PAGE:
Saturday 18 November 2017

Man (24) left brain damaged in unprovoked assault returns home after five years in hospital

Shane Grogan
Shane Grogan

Claire Fox

A young man who was left with brain injuries after an unprovoked attack in Co Galway in 2012 has finally returned home.

Shane Grogan (24) was the victim of an unprovoked brick attack during Galway Race week in August 2012.

After spending five years in hospital, Shane's family received planning permission to build a new house on the site of an old dwelling on the outskirts of Tuam, Co Galway.

The house will be adapted for Shane to make it accessible for him to live in and will hopefully include an exercise room and a room for a nurse to stay over night in.

Shane’s father, Joe Grogan, told that it’s been a “long battle” to get Shane home as he has been “living in hospitals for the last five years”.

“He spent time in Beaumont Hospital, Galway University Hospital, the National Rehabilitation Hospital in Dun Laoghaire and in England too for treatment. He’s in a nursing home now and one of us would spend six or seven hours a day with him there,” said Joe.

Joe and his wife Joan’s current home is above a business in Tuam and would not be accessible for Shane. The majority of the funds to build the house are coming from the Care for Shane Foundation which was set up by the Grogans and their friends following Shane’s assault.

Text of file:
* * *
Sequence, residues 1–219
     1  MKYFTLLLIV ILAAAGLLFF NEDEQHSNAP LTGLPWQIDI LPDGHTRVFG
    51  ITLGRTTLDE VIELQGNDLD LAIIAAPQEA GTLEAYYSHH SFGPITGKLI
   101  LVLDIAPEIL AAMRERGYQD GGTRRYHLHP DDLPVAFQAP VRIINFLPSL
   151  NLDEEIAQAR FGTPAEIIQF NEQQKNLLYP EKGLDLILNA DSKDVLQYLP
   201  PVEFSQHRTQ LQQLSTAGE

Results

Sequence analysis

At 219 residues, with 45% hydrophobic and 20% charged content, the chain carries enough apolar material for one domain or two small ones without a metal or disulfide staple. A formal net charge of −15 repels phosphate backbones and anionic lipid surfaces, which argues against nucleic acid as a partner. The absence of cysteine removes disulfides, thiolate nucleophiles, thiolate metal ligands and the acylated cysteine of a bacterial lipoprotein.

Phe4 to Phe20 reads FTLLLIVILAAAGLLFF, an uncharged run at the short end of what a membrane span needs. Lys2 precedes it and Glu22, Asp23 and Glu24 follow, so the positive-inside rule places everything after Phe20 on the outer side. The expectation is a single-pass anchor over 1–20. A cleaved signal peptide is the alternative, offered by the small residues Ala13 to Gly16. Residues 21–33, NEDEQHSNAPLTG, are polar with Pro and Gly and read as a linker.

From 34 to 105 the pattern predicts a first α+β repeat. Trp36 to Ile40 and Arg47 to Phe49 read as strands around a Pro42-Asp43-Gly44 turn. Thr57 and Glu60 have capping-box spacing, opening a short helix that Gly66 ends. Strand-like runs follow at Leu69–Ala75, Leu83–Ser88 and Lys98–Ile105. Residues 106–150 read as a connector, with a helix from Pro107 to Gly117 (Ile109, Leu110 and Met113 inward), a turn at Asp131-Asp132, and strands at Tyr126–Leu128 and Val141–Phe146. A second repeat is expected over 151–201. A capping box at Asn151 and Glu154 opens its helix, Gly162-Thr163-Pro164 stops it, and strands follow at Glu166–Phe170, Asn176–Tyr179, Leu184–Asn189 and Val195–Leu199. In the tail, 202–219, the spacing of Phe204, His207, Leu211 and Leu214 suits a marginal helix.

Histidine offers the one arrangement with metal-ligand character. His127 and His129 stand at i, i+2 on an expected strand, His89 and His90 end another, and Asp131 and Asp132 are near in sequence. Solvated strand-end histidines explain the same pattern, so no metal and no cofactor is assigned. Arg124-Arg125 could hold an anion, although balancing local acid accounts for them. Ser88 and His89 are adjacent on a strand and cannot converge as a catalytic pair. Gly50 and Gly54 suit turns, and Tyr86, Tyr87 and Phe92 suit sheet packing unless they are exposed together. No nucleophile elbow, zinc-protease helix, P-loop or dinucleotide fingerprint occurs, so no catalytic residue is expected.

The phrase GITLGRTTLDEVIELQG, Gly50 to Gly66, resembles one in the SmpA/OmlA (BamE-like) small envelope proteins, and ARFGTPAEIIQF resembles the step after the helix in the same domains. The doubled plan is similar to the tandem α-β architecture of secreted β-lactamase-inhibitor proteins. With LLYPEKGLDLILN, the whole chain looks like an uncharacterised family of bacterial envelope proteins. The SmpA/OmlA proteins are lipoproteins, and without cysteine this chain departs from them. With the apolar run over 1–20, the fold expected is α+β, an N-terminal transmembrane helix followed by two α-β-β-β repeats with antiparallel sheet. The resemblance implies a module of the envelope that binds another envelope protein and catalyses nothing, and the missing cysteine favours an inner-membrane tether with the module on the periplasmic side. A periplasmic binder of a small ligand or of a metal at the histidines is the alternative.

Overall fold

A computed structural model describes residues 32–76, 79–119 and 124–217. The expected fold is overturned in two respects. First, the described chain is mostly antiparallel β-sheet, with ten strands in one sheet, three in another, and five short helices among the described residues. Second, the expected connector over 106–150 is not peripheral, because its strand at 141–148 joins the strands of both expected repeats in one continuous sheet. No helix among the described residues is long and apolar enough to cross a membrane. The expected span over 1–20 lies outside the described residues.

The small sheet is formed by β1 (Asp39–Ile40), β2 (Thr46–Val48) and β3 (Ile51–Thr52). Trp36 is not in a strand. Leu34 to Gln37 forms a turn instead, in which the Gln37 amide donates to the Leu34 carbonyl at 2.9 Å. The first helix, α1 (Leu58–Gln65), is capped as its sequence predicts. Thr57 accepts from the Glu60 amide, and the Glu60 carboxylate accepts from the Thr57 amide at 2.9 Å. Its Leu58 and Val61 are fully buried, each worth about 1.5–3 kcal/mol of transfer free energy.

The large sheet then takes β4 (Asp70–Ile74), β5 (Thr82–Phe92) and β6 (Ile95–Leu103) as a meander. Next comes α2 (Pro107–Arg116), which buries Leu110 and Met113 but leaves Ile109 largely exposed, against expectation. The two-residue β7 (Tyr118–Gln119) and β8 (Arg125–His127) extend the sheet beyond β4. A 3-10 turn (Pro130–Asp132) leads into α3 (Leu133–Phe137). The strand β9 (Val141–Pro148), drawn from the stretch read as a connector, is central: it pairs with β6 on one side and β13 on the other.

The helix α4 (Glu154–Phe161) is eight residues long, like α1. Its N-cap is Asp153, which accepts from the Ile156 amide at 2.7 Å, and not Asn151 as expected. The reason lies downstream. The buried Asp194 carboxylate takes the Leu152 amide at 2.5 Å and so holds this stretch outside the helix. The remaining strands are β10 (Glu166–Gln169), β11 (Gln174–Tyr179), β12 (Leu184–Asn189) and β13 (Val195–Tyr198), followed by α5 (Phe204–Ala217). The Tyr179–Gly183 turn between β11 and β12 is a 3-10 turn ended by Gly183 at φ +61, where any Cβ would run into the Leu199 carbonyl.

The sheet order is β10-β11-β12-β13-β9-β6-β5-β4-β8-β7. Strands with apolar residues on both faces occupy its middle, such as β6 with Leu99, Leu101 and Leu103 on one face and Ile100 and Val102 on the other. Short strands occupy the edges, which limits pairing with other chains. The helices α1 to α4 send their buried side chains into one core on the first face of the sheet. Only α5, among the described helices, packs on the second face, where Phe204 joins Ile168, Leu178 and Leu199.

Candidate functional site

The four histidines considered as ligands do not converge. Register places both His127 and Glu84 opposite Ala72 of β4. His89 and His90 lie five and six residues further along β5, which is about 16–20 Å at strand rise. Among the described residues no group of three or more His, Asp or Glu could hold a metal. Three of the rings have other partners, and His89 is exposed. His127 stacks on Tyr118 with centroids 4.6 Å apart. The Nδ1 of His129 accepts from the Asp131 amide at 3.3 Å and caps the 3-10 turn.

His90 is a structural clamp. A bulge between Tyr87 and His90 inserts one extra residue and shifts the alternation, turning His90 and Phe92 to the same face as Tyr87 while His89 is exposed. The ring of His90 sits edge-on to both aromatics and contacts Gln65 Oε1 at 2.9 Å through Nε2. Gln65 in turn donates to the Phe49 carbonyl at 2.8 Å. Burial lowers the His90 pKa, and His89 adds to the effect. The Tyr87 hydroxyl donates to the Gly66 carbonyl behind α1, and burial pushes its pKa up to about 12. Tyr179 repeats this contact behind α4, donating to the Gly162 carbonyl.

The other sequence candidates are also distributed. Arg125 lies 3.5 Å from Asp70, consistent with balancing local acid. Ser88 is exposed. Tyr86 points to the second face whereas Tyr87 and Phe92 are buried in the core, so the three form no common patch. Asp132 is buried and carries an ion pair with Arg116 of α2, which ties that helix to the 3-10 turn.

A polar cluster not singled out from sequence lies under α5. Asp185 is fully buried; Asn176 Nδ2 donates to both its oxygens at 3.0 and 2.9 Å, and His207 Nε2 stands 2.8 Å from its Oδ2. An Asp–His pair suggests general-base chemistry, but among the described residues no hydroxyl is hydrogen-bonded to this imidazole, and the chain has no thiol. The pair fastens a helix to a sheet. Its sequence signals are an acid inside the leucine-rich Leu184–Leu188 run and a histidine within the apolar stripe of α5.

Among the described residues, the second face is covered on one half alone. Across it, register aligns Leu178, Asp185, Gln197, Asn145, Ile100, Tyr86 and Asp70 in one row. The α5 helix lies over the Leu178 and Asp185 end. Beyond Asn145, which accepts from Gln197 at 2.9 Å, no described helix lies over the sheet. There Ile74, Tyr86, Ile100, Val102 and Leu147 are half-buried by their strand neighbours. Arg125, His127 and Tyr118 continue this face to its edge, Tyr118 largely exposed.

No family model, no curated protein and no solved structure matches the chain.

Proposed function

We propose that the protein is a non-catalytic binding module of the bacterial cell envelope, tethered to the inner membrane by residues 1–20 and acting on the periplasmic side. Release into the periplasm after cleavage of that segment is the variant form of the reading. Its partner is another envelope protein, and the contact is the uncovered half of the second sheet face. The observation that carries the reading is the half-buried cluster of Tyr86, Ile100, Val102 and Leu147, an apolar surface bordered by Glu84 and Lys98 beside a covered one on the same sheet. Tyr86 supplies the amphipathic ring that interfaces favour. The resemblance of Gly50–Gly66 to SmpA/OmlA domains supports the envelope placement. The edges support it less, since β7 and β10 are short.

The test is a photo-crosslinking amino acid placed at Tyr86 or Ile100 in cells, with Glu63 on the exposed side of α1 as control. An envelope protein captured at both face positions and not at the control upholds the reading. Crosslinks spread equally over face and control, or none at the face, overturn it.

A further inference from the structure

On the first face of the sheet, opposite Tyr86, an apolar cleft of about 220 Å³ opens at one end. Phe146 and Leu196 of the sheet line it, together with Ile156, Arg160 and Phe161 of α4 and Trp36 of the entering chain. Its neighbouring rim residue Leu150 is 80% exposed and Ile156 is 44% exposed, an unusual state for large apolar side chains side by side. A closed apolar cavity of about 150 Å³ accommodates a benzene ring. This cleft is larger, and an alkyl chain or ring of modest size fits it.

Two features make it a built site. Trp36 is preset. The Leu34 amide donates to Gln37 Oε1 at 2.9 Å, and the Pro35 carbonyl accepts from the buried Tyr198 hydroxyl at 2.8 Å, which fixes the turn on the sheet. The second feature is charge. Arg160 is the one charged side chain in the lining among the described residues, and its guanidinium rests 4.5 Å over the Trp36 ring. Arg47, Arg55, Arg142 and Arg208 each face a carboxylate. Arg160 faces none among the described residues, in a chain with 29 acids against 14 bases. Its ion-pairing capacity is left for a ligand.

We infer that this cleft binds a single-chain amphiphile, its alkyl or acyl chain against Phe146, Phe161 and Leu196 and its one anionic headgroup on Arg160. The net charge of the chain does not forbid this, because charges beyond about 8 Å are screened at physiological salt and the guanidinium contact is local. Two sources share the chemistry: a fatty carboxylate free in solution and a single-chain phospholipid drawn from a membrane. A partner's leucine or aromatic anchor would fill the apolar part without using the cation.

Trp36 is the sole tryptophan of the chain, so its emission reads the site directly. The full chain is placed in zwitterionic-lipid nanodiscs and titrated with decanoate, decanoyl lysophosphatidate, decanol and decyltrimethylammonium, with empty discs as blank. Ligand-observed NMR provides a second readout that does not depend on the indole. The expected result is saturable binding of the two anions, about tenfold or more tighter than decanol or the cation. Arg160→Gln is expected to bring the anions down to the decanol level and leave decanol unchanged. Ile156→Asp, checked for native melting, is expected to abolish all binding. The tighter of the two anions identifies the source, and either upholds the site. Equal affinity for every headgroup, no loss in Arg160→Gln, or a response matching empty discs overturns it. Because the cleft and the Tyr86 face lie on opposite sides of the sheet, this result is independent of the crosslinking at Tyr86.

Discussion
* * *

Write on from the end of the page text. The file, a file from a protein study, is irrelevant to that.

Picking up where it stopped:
“Fundraising was a huge part of where we got the funds. We hold a balloon launch every race week to raise funds for Shane. It distracts us from the week that’s in it,” said Joe.

The Grogans have been campaigning for Shane for the last five years and have met with Health Minister Simon Harris and Minister of State for Disability Issues Finian McGrath, but Joe said it’s a struggle to get Shane the “basic human rights he deserves”.

“Not a lot has been done for people in this country who have brain injuries. It’s very hard. It’s a battle. We’ll win it eventually but sometimes you do meet very negative people who don’t have time for people like Shane,” he said.

Joe finds it “hard to believe” that it’s been five years since Shane’s assault and added that this time of year is hard as the anniversary is approaching.

“He was full of joy that night and had the whole of his life ahead of him. I was with him that night and he was happy because he’d had a few winners that day. He was a fine young man. It’s still very difficult,” explained Joe.

Care For Shane’s Great Balloon Race will take place on Saturday, August 1. You can donate to Care For Shane here

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